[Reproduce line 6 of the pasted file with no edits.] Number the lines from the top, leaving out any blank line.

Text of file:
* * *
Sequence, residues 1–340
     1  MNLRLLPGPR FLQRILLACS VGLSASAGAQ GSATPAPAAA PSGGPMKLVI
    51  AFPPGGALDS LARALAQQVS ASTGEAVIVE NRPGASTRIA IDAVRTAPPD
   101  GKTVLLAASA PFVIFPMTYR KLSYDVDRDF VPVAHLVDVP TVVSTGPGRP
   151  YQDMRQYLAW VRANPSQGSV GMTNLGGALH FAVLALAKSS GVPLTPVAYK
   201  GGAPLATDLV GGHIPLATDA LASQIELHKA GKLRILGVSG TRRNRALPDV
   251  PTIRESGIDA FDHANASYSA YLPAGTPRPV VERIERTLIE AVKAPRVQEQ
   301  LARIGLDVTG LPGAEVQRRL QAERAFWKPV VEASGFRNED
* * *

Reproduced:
   201  GGAPLATDLV GGHIPLATDA LASQIELHKA GKLRILGVSG TRRNRALPDV